“Sean…” James began.

“Now, now,” Sean tsked.  “You’d best get to work.  I’ll see you in the morning James,” Sean said, moving towards the door.

That was it.  That was IT.  He’d had enough.  James stood up.

“Sean, I’m need to take a break.”

Sean turned around, “What do you mean?  You need to get to work man!  They’ll be time and time a-plenty for breaks after the Friday release.”

“Sean, I’m taking a break,” James said moving out from behind his desk.

“James, you can’t.  We just got a new stack of updates.  We need everyone to give it their all if we’re going to make the release date.”

James looked at Sean.  He’d been with the company for five years, and worked under Sean for two of them.  They were friends – they’d even gone out for drinks on occasion.  He liked Sean.

He walked past Sean and stopped in the doorway.  Slow and deliberately, he unclipped his security badge from his collar and put in on the shelf next to the door.  Turning around one last time, James said, “Sean, I’m taking a break.”

And then he left.  It was the best damn decision he ever made.

I lie for a reason 2

A writer friend of mine recently told me about a Reader’s Digest writing prompt to write a story that begins with the phrase, “The difference is, I lie for a reason.” I found the idea inspiring, and below is my second story based on that prompt.

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“The difference is, I lie for a reason.”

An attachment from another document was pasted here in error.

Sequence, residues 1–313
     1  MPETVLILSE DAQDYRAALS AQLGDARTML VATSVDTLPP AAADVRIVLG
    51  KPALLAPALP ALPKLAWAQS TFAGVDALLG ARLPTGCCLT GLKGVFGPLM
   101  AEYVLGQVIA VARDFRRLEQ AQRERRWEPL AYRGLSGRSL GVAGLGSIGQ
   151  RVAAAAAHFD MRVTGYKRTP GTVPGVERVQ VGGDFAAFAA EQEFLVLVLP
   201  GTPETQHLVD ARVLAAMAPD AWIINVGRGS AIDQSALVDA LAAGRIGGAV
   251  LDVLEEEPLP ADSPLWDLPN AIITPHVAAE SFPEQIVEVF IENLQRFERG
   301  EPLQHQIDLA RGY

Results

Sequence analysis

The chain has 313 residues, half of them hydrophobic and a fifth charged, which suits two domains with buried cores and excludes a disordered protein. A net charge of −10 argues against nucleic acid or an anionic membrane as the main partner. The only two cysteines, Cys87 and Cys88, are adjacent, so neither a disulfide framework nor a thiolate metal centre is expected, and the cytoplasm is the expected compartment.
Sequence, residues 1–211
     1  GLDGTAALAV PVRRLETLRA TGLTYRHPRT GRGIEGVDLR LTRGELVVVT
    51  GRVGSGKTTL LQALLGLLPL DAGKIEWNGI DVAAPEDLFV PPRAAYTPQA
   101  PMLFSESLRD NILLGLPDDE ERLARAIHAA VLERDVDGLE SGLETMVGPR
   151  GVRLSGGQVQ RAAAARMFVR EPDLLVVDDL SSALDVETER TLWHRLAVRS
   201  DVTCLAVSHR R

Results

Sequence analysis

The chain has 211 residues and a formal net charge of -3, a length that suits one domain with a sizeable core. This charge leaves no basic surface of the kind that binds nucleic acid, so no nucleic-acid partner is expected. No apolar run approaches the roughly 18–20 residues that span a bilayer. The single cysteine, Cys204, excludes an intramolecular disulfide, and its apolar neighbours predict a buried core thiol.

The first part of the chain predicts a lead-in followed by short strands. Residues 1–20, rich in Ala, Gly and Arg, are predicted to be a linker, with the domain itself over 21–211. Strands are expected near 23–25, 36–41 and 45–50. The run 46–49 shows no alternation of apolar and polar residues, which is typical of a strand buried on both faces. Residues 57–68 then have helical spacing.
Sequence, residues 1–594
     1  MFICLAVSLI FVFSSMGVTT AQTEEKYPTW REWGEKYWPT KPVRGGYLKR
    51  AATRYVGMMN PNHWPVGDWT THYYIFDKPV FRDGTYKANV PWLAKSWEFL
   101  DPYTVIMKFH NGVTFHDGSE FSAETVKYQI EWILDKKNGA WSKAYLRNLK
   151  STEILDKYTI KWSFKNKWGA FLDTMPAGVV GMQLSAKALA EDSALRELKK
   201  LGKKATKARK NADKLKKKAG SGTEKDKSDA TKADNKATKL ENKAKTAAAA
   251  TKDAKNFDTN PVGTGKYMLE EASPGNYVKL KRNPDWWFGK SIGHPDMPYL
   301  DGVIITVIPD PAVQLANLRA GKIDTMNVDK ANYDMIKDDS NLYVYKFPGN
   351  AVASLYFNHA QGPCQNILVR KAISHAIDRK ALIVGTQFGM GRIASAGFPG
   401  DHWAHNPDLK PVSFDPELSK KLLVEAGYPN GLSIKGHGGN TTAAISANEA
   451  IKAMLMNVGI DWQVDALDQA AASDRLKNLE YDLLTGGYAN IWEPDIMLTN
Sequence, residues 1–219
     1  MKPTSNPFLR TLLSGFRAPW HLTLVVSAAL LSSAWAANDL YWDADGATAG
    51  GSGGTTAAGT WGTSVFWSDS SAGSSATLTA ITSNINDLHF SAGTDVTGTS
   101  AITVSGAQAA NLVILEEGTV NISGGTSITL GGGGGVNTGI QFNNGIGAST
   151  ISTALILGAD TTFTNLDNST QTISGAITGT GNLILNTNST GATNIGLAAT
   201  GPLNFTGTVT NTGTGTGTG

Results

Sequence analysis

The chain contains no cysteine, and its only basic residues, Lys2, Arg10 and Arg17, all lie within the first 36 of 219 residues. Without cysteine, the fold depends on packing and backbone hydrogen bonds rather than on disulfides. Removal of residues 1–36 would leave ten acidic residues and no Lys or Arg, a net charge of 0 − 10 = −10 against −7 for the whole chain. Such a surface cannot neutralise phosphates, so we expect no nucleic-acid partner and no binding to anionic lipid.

Jane sat there, a contented-looking smile on her face while she listened to her husband boast to his coworkers at a corporate dinner party. They’d had some hard times recently, a few lean years, but things were turning around for the two of them. And with the way things were at Tom’s law firm, the two of them weren’t in any danger of decline.

“Our clients do the most ridiculous things, and then they start mouthing off to the first person who will listen to them. But me – I lie to get them out of the messes they make for themselves. I say, ‘Your Honor, my client would never be so foolish,’ but in reality, they’re probably already digging themselves a deeper hole. I swear, some of them are probably making their next mistake before they ever even leave the courtroom.”

Tom’s coworkers laughed at this, and the closest of them gave him hearty slaps on the back. All but one of them were Partners – her husband’s peers. But they were joined by Robert Mullivan, Senior Partner and one of the members of the firm’s Leadership Committee, and it was his endorsement that catapulted Tom to his position ahead of more tenured employees. And with the way he was laughing along with the others, Jane’s husband still had Robert’s support.